9. 9.
    Goldberg VM, Powell A, Shaffer JW, Zika J, Bos GD, Heiple KG (1985) Bone grafting: Role of histocompatibility in transplantation. J Orthop Res 3: 389–404Google Scholar
  10. 10.
    Gotfried Y, Yaremchuk MJ, Randolph MA, Weiland AJ (1987) Histological characteristics of acute rejection in vascularized allografts of bone. J Bone Joint Surg [Am] 69-A: 410–425Google Scholar
  11. 11.
    Hallock GG, Anous MM, Sherdian BC (1993) The surgical anatomy of the principal nutrient vessel of the tibia. Plast Reconstr Surg 92: 49–54Google Scholar
  12. 12.
    Hassenpflug J (1986) Presentation of intraosseous vascularization by sequential maceration. Arch Orthop Trauma Surg 105: 73–78Google Scholar
  13. 13.
    Herndon CH, Chase SW (1952) Experimental studies in the transplantation of whole joints. J Bone Joint Surg [Am] 34-A: 564–578Google Scholar
  14. 14.
    Hofmann GO (1991) Immunologischer und hygienischer Stellenwert der allogenen Knochentransplantation für die Wiederherstellungschirurgie. Akt Chir 26: 126–133Google Scholar
  15. 15.
    Hofmann GO, Kirschner MH, Bühren V, Land W (1995) Allogeneic vascularized transplantation of a human femoral diaphysis under cyclosporin A immunosuppression. Transpl Int 8: 418–419Google Scholar
  16. 16.
    Hofmann GO, Kirschner MH, Land W, Bühren V (1996) Allogeneic vascularized transplantation of human femoral diaphysis under ciclosporin A employing internal compression nails. In: Jaloovara P, Vécsei V (eds) Osteosynthesis International. Druckhaus Mayer Verlag, Erlangen, pp 479–484Google Scholar
  17. 17.
    Judet H, Padovani JP (1973) Transplantation d'articulation complète. Rev Chir Orthop 59: 125–138Google Scholar
  18. 18.
    Kirschner M (1916) Die künstliche Verlängerung von Beinen, die nach Frakturen, namentlich nach Schußfrakturen, mit starker Verkürzung geheilt sind. Beiträge zur klinischen Chirurgie 100: 329–370Google Scholar
  19. 19.
    Lang J, Wachsmuth W (1972) Praktische Anatomie 14, Bein und Statik. Springer, New York, pp 34–44Google Scholar
  20. 20.
    Lexer E (1908) Die Verwendung der freien Knochenplastik nebst Versuchen über Gelenkversteifung und Gelenktransplantation. Arch Klin Chir 86: 939–954Google Scholar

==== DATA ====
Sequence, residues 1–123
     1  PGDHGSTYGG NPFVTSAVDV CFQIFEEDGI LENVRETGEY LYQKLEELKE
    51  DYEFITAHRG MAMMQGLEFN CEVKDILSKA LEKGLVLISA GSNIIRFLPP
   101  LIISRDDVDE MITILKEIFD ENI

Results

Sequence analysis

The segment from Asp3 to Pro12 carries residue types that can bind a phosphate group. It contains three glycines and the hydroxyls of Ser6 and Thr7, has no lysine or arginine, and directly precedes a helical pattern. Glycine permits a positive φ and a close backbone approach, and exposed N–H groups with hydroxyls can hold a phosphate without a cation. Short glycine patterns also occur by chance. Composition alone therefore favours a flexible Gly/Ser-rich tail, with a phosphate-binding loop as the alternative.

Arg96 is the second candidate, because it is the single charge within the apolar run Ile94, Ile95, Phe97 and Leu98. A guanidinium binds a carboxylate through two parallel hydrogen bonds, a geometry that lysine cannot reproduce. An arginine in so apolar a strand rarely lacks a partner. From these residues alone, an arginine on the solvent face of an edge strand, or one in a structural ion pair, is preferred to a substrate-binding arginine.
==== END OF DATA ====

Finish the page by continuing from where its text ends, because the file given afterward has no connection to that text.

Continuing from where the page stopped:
21. 21.
    Lexer E (1908) Substitution of whole or half joints from freshly amputated extremities by free plastic operation. Surg Gynecol Obstet 6: 601–607Google Scholar
  22. 22.
    Lexer E (1925) Joint transplantations and arthroplasty. Surg Gynecol Obstet 40: 782–809Google Scholar
  23. 23.
    Lüdinghausen M von, Mayer E (1975) Altersabhängige Veränderungen der intraossären Arterien des Femur. Verh Anat Ges 69: 139–144Google Scholar
  24. 24.
    Menck J, Bertram C, Lierse W (1992) Sectorial angioarchitecture of the human tibia. Acta Anat 143: 67–73Google Scholar
  25. 25.
    Polster J (1968) Die funktionellen Verteilungsräume der Knochendurchblutung und die Durchblutungswertigkeit von Femur und Tibia. Ergebnisse der Chirurgie und Orthopädie 51: 66–104Google Scholar
  26. 26.
    Rogers WM, Gladstone H (1950) Vascular foramina and arterial supply of the distal end of the femur. J Bone Joint Surg [Am] 32-A: 867–874Google Scholar
  27. 27.
    Rosso R, Schäfer D, Fricker R, Schläpfer R, Brennwald J, Heberer M (1993) Experimentelle vaskularisierte Kniegelenkstransplantationen an einem Hundemodell: Frühergebnisse nach Allotransplantation und Retransplantation. Langenbecks Arch Chir Suppl Chir Forum, pp 363–367Google Scholar
  28. 28.
    Scapianelli R (1968) Studies on the vasculature of the human knee joint. Acta Anat 70: 305–331Google Scholar
  29. 29.
    Shim SS, Leung G (1986) Blood supply of the knee joint. A microangiographic study. Clin Orthop 208: 119–125Google Scholar
  30. 30.
    Taylor GI, Miller GDH, Ham FJ (1975) The free vascularized bone graft. A clinical extension of microvascular techniques. Plast Reconstr Surg 55: 533–544Google Scholar
  31. 31.
    Yaremchuk MJ, Sedacca T, Schiller AL, May JW (1983) Vascular knee allograft transplantation in a rabbit model. Plast Reconstr Surg 71: 461–472Google Scholar

Copyright information

© Springer-Verlag 1996

Authors and Affiliations

  • MH Kirschner
    • 1
  • J Menck
    • 2
  • GO Hofmann
    • 3
  1. 1.Department of SurgeryUniversity of Munich, Klinikum GroßhadernMünchenGermany
  2. 2.Institute of Anatomy, Division of NeuroanatomyUniversity of HamburgHamburgGermany
  3. 3.Trauma Clinic MurnauMurnau/StaffelseeGermany

Personalised recommendations